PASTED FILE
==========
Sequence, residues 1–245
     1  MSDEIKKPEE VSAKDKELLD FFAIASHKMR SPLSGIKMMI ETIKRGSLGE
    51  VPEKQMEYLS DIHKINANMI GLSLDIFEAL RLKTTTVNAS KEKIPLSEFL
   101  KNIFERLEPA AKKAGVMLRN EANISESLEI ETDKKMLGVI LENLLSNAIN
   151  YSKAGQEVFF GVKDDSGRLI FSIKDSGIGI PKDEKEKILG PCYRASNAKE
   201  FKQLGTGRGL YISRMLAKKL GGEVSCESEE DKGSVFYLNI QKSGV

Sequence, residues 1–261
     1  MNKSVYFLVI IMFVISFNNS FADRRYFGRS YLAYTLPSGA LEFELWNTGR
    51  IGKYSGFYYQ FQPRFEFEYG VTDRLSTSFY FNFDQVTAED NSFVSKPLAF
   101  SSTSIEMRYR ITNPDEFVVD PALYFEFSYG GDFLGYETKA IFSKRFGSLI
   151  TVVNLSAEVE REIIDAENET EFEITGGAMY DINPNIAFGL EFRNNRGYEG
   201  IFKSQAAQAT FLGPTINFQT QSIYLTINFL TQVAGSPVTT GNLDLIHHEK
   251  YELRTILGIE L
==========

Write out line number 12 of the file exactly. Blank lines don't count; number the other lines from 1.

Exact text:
   201  IFKSQAAQAT FLGPTINFQT QSIYLTINFL TQVAGSPVTT GNLDLIHHEK